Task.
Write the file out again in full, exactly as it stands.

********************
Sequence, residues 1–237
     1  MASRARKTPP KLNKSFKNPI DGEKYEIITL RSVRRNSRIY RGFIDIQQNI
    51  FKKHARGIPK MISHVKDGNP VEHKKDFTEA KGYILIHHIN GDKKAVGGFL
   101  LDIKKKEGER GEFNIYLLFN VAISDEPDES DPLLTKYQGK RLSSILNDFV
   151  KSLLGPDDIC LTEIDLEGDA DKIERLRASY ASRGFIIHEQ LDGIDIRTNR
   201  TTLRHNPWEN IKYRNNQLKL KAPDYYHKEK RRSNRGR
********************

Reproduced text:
Sequence, residues 1–237
     1  MASRARKTPP KLNKSFKNPI DGEKYEIITL RSVRRNSRIY RGFIDIQQNI
    51  FKKHARGIPK MISHVKDGNP VEHKKDFTEA KGYILIHHIN GDKKAVGGFL
   101  LDIKKKEGER GEFNIYLLFN VAISDEPDES DPLLTKYQGK RLSSILNDFV
   151  KSLLGPDDIC LTEIDLEGDA DKIERLRASY ASRGFIIHEQ LDGIDIRTNR
   201  TTLRHNPWEN IKYRNNQLKL KAPDYYHKEK RRSNRGR